Linton Robinson was born in occupied Japan, schooled in Asia, and is now a 20 year resident of Latin America. Robinson is an award-winning journalist and noted photographer, with credits in top markets. His syndicated columns were cult favorites in the nineties. Learn more at his blog and his Amazon author page.

24 thoughts on “MOVE IT OR LOSE IT”

  1. It might be hard to explain, but it's clear as crystal from this end. I know it works – I just tried it. Now why… never mind. I just love this kind of duh… discovery.

    Brillo, Lin.

  2. Looking at things in a different way is a great way for poking the creative spirits awake.

    I hope one day to be able to notice I need to do it before I get frustrated and annoyed. But maybe that's my creative process.

  3. I haven't actually heard this trick, but may try it. One that was told to me was to start with the action, start with the dialogue, and I am one who much prefers reading a book that starts that way.

    Another great post, Lin. Thank you

  4. Yes! I use this technique in just about everything I write, including posts. It may be a trivial thing but I rarely write the title first. I find if I fill in the title once the post is done it is a) much more relevant and b) doesn't straight-jacket my writing into a direction it may not want to go.

    Great tip. I hope there will be more coming!

  5. I do my best to start things out with a bang, or explosion, or sex, or something really wild. Perhaps an intergalactic space battle, yes, that's the ticket!

    Lovely post!

  6. Great post. As an articles editor, I learned a closely related trick. If you need to cut a few column inches from an article and have no time to really work at it, throw out the first paragraph and 8 times out of 10 the piece still reads just fine. The final paragraph is next in line on the quick-chop block. Introduction and conclusion are too often the least interesting parts of the sandwich. It's the meat in the middle that readers devour.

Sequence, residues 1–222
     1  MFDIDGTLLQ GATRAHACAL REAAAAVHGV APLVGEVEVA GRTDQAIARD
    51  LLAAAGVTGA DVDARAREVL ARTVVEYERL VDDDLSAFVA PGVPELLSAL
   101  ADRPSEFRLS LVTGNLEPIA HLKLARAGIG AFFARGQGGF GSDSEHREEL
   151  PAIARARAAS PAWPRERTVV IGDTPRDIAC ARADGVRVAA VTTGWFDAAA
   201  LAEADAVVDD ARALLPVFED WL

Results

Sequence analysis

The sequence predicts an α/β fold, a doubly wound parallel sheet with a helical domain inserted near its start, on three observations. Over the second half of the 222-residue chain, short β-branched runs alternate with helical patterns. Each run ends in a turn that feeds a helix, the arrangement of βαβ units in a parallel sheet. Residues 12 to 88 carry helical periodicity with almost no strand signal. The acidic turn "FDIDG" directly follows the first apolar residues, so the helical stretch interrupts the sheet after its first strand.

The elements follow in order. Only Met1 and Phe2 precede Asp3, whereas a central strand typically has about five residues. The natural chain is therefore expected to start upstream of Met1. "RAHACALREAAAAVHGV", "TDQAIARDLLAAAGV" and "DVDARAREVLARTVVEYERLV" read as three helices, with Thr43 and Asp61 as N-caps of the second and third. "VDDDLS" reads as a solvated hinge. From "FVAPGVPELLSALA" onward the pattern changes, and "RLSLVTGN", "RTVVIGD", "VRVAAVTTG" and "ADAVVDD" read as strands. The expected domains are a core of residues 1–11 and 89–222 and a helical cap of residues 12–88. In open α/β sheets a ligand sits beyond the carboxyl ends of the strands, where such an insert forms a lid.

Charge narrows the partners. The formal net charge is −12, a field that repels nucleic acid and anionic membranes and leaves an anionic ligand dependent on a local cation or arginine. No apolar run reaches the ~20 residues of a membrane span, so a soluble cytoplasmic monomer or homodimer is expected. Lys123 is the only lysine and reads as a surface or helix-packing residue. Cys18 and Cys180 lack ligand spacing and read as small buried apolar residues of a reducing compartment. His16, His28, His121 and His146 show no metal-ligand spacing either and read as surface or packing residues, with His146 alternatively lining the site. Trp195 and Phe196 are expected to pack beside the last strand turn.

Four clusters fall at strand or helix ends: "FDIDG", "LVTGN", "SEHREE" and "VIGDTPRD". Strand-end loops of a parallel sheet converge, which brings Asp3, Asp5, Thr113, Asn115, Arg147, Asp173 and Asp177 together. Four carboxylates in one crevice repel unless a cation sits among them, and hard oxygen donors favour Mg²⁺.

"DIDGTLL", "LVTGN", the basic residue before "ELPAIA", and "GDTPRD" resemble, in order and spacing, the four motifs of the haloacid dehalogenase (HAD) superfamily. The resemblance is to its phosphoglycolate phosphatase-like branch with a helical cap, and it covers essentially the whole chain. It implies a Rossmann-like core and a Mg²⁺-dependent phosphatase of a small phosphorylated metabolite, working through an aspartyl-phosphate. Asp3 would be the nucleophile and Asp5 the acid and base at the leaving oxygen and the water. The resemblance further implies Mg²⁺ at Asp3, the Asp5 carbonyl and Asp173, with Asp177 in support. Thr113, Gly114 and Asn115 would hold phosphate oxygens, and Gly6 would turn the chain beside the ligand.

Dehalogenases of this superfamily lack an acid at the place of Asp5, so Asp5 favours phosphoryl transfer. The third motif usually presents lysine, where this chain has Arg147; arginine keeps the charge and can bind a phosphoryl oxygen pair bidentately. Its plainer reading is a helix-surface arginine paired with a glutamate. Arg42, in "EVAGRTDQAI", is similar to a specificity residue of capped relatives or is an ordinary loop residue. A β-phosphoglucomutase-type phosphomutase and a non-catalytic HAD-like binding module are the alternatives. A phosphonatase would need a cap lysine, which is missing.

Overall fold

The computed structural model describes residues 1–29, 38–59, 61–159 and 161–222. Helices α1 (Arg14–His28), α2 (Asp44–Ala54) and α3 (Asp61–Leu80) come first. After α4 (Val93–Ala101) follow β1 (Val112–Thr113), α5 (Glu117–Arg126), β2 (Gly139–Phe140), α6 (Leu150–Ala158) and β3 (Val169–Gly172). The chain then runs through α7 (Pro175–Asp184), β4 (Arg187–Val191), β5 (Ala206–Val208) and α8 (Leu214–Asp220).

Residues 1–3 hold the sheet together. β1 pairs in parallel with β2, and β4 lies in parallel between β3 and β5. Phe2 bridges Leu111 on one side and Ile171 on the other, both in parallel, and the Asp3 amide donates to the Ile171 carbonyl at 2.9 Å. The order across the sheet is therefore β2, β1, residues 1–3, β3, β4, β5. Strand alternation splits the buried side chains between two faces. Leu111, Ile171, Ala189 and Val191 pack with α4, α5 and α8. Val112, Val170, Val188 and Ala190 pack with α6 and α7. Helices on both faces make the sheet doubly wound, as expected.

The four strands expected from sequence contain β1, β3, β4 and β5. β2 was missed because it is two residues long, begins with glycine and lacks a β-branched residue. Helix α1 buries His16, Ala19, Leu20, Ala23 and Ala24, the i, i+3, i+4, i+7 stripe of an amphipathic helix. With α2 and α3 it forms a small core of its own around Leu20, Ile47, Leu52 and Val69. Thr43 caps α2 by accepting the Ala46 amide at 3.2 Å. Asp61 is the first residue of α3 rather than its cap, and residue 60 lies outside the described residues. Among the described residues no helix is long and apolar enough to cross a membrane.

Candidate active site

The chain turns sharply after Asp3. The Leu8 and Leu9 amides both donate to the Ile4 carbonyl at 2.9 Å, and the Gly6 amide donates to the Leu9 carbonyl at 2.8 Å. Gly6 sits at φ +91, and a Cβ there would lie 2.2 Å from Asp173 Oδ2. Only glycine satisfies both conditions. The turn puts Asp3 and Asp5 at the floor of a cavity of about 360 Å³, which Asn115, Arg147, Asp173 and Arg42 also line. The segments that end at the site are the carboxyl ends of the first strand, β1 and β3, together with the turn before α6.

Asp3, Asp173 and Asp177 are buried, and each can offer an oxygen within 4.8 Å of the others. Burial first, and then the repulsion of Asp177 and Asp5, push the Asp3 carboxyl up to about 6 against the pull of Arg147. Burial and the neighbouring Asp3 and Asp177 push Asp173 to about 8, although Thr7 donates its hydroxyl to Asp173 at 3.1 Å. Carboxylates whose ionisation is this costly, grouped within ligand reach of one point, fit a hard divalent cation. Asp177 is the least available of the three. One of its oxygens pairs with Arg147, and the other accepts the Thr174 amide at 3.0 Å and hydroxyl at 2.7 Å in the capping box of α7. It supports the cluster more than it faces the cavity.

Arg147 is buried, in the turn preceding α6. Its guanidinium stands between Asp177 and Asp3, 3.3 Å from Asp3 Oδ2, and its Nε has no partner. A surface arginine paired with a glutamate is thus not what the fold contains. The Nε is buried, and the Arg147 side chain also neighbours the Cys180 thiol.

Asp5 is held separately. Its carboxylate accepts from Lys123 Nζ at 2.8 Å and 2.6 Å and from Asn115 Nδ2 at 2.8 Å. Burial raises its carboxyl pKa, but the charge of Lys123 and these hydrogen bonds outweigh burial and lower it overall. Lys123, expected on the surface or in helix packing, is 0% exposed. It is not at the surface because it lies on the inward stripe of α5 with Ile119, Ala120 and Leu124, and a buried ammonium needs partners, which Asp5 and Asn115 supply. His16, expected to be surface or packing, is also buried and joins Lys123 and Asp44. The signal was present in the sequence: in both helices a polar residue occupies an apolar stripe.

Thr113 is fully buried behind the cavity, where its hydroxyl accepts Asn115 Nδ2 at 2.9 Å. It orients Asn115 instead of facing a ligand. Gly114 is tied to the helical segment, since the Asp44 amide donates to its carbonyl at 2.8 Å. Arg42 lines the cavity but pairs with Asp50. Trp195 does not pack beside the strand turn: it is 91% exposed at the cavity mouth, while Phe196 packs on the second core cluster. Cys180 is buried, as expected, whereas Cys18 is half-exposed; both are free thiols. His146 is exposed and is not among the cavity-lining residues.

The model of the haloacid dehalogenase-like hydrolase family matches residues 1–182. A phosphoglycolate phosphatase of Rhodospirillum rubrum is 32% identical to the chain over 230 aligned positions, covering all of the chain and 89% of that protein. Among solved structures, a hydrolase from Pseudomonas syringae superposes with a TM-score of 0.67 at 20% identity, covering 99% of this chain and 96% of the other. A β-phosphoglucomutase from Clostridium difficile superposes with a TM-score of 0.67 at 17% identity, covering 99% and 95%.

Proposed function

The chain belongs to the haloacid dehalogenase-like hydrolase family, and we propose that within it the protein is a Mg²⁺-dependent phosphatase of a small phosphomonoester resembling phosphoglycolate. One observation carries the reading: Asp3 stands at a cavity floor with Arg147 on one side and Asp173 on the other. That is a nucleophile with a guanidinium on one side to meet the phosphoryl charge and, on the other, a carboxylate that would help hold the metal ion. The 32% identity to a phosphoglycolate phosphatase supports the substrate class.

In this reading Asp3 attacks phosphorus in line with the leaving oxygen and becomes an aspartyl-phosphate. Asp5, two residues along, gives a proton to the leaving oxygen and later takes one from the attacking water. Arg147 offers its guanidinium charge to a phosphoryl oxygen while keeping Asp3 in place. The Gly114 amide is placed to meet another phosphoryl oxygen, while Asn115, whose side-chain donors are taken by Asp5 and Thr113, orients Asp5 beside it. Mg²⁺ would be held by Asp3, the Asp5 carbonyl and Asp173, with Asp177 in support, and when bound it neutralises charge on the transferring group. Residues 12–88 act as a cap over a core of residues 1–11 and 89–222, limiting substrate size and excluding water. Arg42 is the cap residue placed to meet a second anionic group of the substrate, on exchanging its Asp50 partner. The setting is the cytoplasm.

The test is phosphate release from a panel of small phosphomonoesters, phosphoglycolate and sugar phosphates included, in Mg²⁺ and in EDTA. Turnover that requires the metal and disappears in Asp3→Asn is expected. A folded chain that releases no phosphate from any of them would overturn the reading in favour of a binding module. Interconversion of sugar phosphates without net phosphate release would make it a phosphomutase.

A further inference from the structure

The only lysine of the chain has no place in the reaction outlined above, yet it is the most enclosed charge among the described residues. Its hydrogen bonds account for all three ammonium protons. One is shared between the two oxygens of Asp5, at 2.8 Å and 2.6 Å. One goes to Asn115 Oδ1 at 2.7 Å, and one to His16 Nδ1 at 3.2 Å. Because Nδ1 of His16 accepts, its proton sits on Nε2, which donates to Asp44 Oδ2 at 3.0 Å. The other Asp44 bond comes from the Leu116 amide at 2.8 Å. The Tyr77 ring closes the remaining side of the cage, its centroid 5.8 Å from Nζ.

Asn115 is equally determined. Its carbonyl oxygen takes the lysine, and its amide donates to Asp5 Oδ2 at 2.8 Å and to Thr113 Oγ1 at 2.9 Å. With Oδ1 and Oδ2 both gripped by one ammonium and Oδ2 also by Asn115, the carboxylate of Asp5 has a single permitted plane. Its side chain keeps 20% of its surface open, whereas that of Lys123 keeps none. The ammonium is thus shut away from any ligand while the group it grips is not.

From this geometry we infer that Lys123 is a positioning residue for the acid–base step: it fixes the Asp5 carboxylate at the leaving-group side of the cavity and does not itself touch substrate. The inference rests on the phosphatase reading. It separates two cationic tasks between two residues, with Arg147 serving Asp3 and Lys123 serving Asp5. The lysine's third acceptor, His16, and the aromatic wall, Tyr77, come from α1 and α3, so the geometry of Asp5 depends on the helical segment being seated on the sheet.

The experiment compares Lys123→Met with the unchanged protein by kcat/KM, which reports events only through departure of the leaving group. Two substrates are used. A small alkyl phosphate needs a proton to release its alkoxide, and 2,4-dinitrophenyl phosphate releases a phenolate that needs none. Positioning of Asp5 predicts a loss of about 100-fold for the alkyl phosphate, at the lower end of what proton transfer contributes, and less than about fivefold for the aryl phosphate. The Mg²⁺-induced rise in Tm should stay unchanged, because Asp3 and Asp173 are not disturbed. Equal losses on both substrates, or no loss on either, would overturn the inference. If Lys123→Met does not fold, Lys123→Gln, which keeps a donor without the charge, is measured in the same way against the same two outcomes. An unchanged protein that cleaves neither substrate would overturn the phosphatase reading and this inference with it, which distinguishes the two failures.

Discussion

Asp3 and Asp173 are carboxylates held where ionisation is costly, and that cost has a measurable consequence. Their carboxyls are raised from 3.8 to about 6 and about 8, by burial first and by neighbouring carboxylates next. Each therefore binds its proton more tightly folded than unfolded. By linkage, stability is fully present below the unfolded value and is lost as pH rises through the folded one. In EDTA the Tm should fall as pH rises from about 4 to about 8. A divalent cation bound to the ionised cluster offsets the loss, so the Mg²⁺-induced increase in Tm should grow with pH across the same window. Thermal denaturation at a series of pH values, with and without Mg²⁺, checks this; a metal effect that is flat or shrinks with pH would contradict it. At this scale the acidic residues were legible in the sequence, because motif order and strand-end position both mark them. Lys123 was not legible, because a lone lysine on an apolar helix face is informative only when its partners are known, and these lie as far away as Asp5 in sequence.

–Larry Constantine (pen name, Lior Samson)

  7. Interesting, Larry. Those who don't pyramid copy are slated to lose. (I always thought editors just tossed stuff out at random 🙂

    Yeah, K. I remember an old National Lampoon bit on "Writing Good". In addition to recommending that stories end by having everybody get run over by a truck, the had the perfect first sentence, "I kicked in the door and came in her mouth." A little extreme, but still…

    Thanks for all the comments, folks. It's always nice to know somebody actually reads this stuff. 🙂

  8. I appreciate all your advice and enjoy your humor best of all–something you probably didn't pick up in Washington, but were blessed with since birth.

    1. Awww, thanks Eve.

      An interesting, but possibly pertinent sidelight on my career at UW. During my time there I was fooling with the campus paper while also writing for a local daily. I was also taking some criminology courses while working at the county jail.

      In both cases I was told that I wasn't really getting it because I had been contaminated by real world experience.

        1. LOL It's amazing people can say that with a straight face. A guy's been telling me about prisons whose never set foot inside one, then tells my that having done so gives you the wrong impression.

          Only in academia.

  9. Thanks for the tip Lin. I've actually used this on more than a few occasions. It's nice to know that the pro's consider it a technique of sorts. All this time I thought it was just my screwed up way of writing.


  10. Nifty tip, thanks! And I'm cringing, 'cause I just opened the manuscript I'm editing to find…yes…the protagonist's full name in the first sentence. 😉

  11. That's quite a tip. I sometimes proceed to the next chapter and then fill in later. I'll give this a try on a couple of short stories that I want to finish, but everything I tried didn't work.

    I loved the comment about being infected by the real world. Who are they writing for? Aliens?

  12. Thanks for the advice. I changed the start of my newest story. I now say – People look different when they are dead. Is that an attention getter? (I know not a word – getter) but I'm wondering.

    1. And the longer they're dead, the more different they look.


      This sounds like the sort of line that a lot of books lead out with.

  13. Great advice. Freeing up the order is also a useful for uprooting backstory that is camouflaged as a vital scene. The problem is that it is a little addictive to switch scenes around, kind of like a game of Tetris.

  14. Lin, you always give great advice! And yes, I believe this can work in many cases. It is always so hard to just get those first few sentences out, and then it just seems to flow later. Indeed, we need to always go back and contemplate our beginnings. Take care!